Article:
All data were collected by trained graduate research assistants (most of whom were registered dietitians) and one undergraduate student. Baseline data was collected in September 2016 at the start of the program with post data collection planned for February 2017 and a follow-up in November 2017. [End Page 28]
Anthropometric Data Collection
Height was collected once at orientation using a portable stadiometer and measured in inches, to the nearest quarter inch. Weight and girth circumferences (waist, abdomen, and hip) were collected at orientation and were to be collected at each session. Weight was measured in pounds to the nearest tenth and circumferences were measured in inches to the nearest tenth. Waist was measured at the point above the umbilicus and below the last rib. Abdomen was measured at the point below the umbilicus and above the iliac crest. Hip was measured at the widest point of the buttocks. The English units that were used to facilitate communication between research staff and participants were later converted to metric units.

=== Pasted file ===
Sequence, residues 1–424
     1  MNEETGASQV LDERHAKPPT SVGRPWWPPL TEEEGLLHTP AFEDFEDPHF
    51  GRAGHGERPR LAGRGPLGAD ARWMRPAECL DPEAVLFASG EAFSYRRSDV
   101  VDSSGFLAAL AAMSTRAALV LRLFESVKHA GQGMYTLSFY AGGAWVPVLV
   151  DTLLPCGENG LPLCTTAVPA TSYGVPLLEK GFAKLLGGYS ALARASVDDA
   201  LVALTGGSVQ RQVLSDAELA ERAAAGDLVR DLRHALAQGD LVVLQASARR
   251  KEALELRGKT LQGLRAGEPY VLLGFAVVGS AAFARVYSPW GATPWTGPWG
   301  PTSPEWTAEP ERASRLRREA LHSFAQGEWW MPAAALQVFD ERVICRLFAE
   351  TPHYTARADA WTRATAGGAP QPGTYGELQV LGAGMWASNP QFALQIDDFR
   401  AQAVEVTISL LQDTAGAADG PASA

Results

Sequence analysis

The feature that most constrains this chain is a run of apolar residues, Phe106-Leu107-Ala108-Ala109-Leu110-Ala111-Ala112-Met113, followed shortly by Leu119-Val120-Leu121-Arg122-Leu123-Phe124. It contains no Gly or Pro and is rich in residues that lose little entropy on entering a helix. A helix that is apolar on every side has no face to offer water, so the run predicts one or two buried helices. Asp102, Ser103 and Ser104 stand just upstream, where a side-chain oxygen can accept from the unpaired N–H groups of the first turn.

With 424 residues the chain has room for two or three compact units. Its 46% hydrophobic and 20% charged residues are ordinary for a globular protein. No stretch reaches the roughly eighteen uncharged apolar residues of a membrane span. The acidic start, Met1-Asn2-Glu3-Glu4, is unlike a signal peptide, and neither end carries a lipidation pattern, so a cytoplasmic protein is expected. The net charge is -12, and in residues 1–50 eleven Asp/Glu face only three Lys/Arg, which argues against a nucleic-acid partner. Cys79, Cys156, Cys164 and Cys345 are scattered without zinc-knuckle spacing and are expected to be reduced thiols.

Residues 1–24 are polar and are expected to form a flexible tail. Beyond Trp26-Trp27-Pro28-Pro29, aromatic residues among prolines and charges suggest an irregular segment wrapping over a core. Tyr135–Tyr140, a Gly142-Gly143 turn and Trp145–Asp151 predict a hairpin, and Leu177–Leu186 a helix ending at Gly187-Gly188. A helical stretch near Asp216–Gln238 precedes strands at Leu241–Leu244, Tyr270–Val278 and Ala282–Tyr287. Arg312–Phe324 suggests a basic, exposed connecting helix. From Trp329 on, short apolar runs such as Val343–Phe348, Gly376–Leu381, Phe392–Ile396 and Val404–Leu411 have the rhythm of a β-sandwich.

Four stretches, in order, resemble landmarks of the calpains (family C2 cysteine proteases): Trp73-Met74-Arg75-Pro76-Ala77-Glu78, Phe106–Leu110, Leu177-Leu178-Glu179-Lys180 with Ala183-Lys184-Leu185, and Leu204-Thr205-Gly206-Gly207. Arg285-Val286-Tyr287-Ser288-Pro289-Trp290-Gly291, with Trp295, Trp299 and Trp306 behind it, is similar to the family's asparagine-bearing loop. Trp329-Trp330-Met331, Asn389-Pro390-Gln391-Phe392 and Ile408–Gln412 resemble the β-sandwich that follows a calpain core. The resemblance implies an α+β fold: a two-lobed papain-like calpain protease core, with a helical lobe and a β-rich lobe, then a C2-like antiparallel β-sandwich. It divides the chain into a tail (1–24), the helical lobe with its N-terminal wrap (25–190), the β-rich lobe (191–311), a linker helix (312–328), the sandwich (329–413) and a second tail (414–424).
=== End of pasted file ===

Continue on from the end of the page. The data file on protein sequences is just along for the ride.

Survey Data Collection
Validated and well-known survey tools were used to collect demographic and medical and weight history, stage of change for weight loss,24 eating habits and exercise social support and self-efficacy,25,26 physical activity behaviors (using the International Physical Activity Questionnaire),27,28 and health-related quality of life (using the MOS 20-item Short-form Health Survey).29 Surveys were completed through a developed mobile application.
Dietary Data Collection
Dietary data were collected through the mobile application and mirrored the 24-hour recall method. Participants were instructed to enter at least two weekdays and one weekend day. A registered dietitian reviewed all dietary data daily, and any dietary recall follow-up required was conducted via phone call.